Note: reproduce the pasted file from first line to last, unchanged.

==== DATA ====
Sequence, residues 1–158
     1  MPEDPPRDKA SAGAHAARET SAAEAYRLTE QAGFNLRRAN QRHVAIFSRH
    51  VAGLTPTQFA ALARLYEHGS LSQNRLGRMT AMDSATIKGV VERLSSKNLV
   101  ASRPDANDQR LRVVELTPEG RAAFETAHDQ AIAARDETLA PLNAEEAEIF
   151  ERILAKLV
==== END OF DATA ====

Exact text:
Sequence, residues 1–158
     1  MPEDPPRDKA SAGAHAARET SAAEAYRLTE QAGFNLRRAN QRHVAIFSRH
    51  VAGLTPTQFA ALARLYEHGS LSQNRLGRMT AMDSATIKGV VERLSSKNLV
   101  ASRPDANDQR LRVVELTPEG RAAFETAHDQ AIAARDETLA PLNAEEAEIF
   151  ERILAKLV